Being the Ricardos, written and directed by Aaron Sorkin, takes three things that happened in the lives of legendary entertainers Lucille Ball and Desi Arnaz and compacts them into one fictitious week. While producing an episode of their hit show I Love Lucy, Walter Winchell outs Lucy (Nicole Kidman) as a registered Communist; the tabloid Confidential publishes a story about Desi (Javier Bardem) carousing with women other than his wife; and Lucy is pregnant with her second child, something she and Desi want to include on their show, despite pregnant women being taboo on TV. This film could alternately be titled Lucy and Desi’s Big Week. But because Aaron Sorkin has never met a framing device he didn’t like, Ricardos also includes cutaways to a fake documentary in the 1990s about I Love Lucy, featuring talking-head interviews with key behind-the-scenes figures: head writer Jess Oppenheimer (Tony Hale in the 1950s and John Rubinstein in the 1990s), staff writer Madelyn Pugh (Alia Shawkat and Linda Lavin), and staff writer Bob Carroll (Jake Lacy and Ronny Cox). And Being the Ricardos also includes flashbacks to earlier in Lucy and Desi’s relationship, in case you didn’t think this film was doing too much.


Is it horrible? No. Is it great? No. Does it get a little hard to keep all the timelines separate? At times. Does de-aging Javier Bardem look strange and unsettling? Yep. Does Aaron Sorkin get in his own way and torpedo the better parts of his film? Oh, for sure. Are there walk-and-talks, though? Yeah! And snappy banter? Plenty of it! Is there that classic Sorkin moment when a man tells a woman How It Really Is? Buddy, there are THREE of them. 

Ricardos isn’t a total loss and the biggest thing working in its favor are Kidman and Bardem, who at least aren’t trying to do impressions of Lucy and Desi. They’re not especially evocative of their famous subjects, either, but if you extracted their performances into a vacuum, they’re doing pretty good jobs, respectively. As a powerhouse creative couple who are passionately in love but also competitive, sensitive, and collapsing under the weight of their combined status and expectations, as “Lucy” and “Desi”, Kidman and Bardem are interesting and engaging (although the de-aging on Bardem is deeply weird). Kidman nails the perfectionism and driven ambition of a performer who has star power in spades, and a rare insight into her art that allows her to see possibilities and play out scenes in her head to maximum effect. And Bardem is sexy and captivating, not only believable as a live performer who figured out how to translate his power in a room with a live audience to the television format, but also a businessman who can outmaneuver any network suit. In a vacuum, they’re great.


But their performances don’t exist in a vacuum. Ricardos reminds us constantly of who Lucy and Desi are in a larger cultural context, and up against our own memories and the preserved-in-amber lifecycle of filmed entertainment, Kidman and Bardem are less successful. No, it doesn’t matter that neither of them looks anything like Lucille Ball or Desi Arnaz. But it does matter that Kidman can’t do the one thing Ball is most remembered for, which is express to great comedic effect. And Bardem is actually quite effective as Arnaz, except for how Ricardos makes us aware, like with the de-aging, that Javier Bardem Just Acting apparently wasn’t enough for the performance. (There’s also a meta-weird scene in which everyone discusses how Spanish does not equal Cuban does not equal Mexican does not equal Ecuadorean, which only serves to remind everyone that Desi Arnaz, Cuban-American Superstar, is being played by a Spaniard, which is not the same thing.)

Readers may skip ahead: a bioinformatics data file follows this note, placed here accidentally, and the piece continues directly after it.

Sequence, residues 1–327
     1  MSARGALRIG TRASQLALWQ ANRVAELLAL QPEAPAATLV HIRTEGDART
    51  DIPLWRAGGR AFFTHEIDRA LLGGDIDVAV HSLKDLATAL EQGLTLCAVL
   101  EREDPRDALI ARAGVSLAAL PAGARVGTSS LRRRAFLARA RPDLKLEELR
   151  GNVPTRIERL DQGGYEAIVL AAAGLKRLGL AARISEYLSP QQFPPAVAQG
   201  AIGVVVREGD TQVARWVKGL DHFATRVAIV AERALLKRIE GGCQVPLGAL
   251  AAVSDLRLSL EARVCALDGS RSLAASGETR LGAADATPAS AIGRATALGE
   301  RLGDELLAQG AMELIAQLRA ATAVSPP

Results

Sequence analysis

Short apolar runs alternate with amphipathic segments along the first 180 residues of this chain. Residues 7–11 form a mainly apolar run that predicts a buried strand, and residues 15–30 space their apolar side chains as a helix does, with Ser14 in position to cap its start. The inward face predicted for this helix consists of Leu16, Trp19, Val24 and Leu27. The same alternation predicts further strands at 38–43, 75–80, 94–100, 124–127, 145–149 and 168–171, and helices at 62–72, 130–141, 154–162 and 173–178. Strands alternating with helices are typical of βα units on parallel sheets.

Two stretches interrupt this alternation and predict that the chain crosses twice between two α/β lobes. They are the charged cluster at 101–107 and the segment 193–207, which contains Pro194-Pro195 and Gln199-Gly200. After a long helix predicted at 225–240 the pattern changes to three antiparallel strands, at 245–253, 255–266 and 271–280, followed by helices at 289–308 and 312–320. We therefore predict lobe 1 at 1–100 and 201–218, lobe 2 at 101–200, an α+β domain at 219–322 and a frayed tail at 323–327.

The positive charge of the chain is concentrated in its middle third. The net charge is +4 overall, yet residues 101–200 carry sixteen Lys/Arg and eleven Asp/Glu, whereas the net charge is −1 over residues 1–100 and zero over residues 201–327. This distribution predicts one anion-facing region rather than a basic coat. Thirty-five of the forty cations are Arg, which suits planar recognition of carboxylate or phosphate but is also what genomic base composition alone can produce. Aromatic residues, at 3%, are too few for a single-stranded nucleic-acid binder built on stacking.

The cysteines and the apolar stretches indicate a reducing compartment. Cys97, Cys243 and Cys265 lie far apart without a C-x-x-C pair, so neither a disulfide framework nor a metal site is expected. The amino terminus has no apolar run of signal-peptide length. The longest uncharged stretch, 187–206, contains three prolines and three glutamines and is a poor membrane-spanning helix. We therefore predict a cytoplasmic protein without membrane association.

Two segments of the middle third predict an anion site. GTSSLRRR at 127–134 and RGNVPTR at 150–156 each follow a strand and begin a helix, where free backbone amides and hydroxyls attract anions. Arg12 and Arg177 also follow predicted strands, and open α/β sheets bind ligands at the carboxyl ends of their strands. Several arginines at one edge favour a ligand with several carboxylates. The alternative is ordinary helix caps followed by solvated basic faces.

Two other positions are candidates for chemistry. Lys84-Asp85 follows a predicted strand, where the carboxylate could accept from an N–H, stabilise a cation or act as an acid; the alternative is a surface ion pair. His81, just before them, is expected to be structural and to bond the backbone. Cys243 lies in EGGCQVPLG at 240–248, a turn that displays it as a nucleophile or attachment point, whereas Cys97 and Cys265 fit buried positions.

Sorkin’s worst impulses are all here, from casting Big Name Stars despite all the ways they don’t suit their roles—Kidman and Bardem are such talented actors they ALMOST scale that mountain, but can’t quite get there—to under-lighting everything, to cutting between multiple framing devices, to scenes in which one of the men lectures one of the women about the way the world really works, including a scene in which William Frawley (JK Simmons) tells Lucy, who has been married to a Cuban man for years, what Cuban men really need. There’s good stuff here, too, especially scenes between Lucy and Vivian Vance (Nina Arianda), who is tired of jokes being made at Ethel’s expense on the show so that Lucy can look good in comparison, and, of course, the dialogue is always the real star of any Sorkin piece. 


It’s just that Sorkin has now made two (2) things about comedy behind-the-scenes, and I am still not convinced he actually likes comedy. Or understands it. He clearly likes Lucy and Desi the legends, the icons, the power couple, the businesspeople. Desi outmaneuvering the suits at CBS is top notch Sorkin stuff, and the way Lucy exerts her power on set leads to cracking good scenes. It’s just never fully convincing as “Lucy” and “Desi”, which makes me wish Sorkin had fictionalized this whole thing a la Studio 60 and not gone the biopic route. Because while I can believe I am watching Nicole Kidman and Javier Bardem as entertainers revolutionizing a new art form on the fly, I don’t ever buy into them as Lucille Ball and Desi Arnaz. But that’s the entire assignment and Being the Ricardos doesn’t pass.

Being the Ricardos is in select theaters from December 10 and will stream on Amazon Prime from December 21.